Feather River Scenic Byway
Through the Plumas National Forest
|Mileage||344 miles (554 km)|
|DurationThe duration is an estimate of a one-way drive and does not include any stops or side-trips.||6 hours, 49 minutes|
|SeasonsThe seasons listed are the best seasons for this scenic drive. If Winter is not mentioned, the road may be closed during the winter.||Spring, Summer, and Fall|
|Roadways||California Highways 20, 36, 49, 70, and 89, Country Road 324, and Gold Lake Highway|
|ServicesThe cities or towns listed have either Food or Services such as gas, hotels, pharmacies, etc.||Chester, CA▼, Sacramento, CA▼, Oroville, CA▼, Berry Creek, CA▼, Paradise, CA▼, Greenville, CA▼, Quincy, CA▼, Taylorsville, CA▼, more...Clio, CA▼, Portola, CA▼, Sierra City, CA▼, Alleghany, CA▼, Nevada City, CA▼, Grass Valley, CA▼, Marysville, CA▼, Yuba City, CA▼, Live Oak, CA▼, Oroville Junction, CA▼, Pulga, CA▼, Paradise Pines, CA▼, Grays Flat, CA▼, Blairsden, CA▼, Graeagle, CA▼, Orleans Flat, CA▼, Moores Flat, CA▼, Gold Run, CA▼, La Paloma, CA▼, and Mendota, CA▼|
3.7 average from 70 votes
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Beautiful in spring, dazzling in fall color, and in winter, the chance to climb over the only pass in the Sierra Nevada range of mountains that remains open, the Feather River Scenic Byway never disappoints. This road follows the north fork of Feather River through sheer granite cliffs with thousand-foot drop-offs to the river below. Enjoy spectacular scenery as you drive the twists and turns of the road and take advantage of the many scenic turnouts. As well as natural beauty and diverse terrain, this scenic drive offers a glimpse into the timber, mining, and railroad operations integral to this region’s history.
Historically this route was carved out by James Beckwourth in 1851 and was so named, the Beckwourth Pass. In 1909, the Western Pacific Railroad built their line on the sides of the cliffs along this same route. Even today you will see long snake-like rows of freight cars traveling across the chasm from your roadway.
The route begins just outside of Oroville, home to Feather River, the state’s first designated Wild and Scenic River. One of the largest lakes in California, it is host to a community of houseboats and popular for a variety of water-based recreation, such as kayaking, swimming and bass fishing. There is a Visitor Center at the Lake Oroville State Recreation Area (W1) which features displays on the natural and cultural history of area and of the Oroville Dam built in 1967 that created the lake. Take in incredible views by climbing the 47-foot observation tower. Two telescopes allow for close up views of the Sierra Nevada’s and the smallest mountain range in the world, the Sutter Buttes. Interested in a hike? Loafer Creek and Roy Rogers Trails are each 2-mile loops and can be combined. If you plan on staying in this area a little longer — consider visiting Feather Falls, especially in spring. The hike is a 7-mile loop trail and when the trail splits take the path that says 4.5 miles. Though it seems longer, most of the hike will be downhill.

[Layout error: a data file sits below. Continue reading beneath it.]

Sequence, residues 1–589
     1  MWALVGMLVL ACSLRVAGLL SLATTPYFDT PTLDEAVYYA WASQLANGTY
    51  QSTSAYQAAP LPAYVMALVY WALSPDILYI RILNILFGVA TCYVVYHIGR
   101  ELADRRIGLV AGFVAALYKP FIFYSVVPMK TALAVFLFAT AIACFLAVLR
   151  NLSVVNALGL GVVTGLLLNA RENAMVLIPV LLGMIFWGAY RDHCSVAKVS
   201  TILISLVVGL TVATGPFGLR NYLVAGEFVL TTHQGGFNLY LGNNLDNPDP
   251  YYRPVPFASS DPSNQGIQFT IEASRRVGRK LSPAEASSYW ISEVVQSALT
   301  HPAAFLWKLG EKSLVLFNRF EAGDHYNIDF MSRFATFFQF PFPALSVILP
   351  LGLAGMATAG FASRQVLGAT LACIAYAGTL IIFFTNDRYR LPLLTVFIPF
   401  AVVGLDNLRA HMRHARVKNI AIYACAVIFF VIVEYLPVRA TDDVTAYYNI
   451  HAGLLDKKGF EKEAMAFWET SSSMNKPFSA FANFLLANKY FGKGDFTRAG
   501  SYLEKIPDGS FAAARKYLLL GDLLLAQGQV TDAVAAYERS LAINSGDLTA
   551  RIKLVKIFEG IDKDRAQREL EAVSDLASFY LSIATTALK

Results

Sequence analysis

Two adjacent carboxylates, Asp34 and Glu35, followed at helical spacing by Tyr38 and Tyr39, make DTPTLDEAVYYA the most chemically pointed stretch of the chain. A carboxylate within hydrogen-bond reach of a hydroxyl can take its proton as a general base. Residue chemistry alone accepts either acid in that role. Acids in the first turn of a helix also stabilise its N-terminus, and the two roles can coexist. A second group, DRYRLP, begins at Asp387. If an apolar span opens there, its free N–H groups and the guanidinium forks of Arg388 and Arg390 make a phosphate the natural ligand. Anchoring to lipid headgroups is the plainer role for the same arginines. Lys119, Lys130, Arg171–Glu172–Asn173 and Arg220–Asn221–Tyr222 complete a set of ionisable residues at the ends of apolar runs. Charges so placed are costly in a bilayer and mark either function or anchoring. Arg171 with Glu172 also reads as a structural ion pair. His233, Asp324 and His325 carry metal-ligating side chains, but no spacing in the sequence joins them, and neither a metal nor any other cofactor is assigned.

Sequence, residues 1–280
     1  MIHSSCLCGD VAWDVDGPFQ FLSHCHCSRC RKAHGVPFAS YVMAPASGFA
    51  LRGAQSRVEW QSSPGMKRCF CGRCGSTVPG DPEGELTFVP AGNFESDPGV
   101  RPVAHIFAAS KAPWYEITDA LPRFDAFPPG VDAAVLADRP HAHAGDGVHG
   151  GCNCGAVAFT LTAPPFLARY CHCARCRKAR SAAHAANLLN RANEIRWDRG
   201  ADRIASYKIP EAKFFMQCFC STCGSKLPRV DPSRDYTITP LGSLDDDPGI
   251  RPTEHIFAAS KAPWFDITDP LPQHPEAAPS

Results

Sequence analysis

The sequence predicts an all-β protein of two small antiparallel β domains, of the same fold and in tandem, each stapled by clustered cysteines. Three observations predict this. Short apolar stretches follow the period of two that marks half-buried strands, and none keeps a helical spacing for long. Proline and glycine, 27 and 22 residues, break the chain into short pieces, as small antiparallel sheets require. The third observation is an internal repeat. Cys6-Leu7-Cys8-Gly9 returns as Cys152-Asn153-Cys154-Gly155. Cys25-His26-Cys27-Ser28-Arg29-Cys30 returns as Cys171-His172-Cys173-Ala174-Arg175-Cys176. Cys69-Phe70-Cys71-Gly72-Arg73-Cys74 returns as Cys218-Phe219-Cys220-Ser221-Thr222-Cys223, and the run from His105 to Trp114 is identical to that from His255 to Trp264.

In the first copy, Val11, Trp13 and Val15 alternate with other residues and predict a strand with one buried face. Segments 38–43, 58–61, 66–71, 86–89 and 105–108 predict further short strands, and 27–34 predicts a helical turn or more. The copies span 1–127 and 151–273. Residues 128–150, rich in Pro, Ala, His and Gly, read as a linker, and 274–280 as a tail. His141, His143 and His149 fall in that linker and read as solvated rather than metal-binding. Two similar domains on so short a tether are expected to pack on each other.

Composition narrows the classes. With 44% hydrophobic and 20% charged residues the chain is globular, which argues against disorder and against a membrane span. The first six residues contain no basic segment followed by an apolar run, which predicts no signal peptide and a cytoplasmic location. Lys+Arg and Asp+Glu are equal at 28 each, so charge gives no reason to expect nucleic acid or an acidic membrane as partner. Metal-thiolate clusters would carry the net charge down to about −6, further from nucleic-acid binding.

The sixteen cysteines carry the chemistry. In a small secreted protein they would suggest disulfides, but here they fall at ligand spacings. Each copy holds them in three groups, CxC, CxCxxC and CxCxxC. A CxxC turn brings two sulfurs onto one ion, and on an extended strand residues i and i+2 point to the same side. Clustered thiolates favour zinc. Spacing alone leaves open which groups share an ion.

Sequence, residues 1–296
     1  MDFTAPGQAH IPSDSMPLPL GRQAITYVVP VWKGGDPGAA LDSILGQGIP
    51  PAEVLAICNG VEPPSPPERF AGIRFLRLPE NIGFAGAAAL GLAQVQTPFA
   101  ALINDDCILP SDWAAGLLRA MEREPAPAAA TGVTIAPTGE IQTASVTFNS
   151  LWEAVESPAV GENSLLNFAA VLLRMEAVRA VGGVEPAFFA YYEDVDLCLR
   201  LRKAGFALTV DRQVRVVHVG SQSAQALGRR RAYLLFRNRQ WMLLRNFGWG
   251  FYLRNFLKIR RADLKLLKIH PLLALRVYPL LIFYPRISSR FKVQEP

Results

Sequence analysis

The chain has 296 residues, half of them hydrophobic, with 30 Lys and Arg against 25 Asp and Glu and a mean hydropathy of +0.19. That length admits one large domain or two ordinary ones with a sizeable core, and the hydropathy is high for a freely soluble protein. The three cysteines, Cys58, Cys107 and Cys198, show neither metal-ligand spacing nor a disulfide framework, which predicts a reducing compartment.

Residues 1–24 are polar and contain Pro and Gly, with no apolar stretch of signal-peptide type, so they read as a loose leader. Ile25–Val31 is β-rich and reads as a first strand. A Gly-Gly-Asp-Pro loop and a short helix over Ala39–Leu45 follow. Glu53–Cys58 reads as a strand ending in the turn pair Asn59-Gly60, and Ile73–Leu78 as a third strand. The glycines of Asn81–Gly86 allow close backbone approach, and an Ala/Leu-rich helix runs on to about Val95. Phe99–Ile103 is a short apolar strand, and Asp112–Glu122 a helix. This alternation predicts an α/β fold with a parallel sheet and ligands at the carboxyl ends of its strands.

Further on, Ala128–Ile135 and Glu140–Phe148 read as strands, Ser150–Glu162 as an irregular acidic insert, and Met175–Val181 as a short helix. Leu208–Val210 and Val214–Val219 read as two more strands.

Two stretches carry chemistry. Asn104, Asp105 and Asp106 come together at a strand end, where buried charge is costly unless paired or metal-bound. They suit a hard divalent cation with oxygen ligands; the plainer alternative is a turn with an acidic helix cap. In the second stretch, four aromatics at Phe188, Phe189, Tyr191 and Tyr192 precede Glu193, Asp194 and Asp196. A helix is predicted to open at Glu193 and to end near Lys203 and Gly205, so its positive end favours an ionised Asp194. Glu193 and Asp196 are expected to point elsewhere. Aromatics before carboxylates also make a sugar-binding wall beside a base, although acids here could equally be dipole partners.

Once on SR 70 you begin the drive up the granite gorge of the Byway. Observe the many hydroelectric plants built along the river during the early part of the 20th Century.
The drive climbs in elevation, passing through three tunnels carved out of the mountains and crossing historic bridges spanning the river. The most famous is at Pulga where the highway bridge crosses over the Western Pacific Railroad Bridge (B1). Lumbering is still an active industry, so watch out for heavily laden lumber trucks on the road.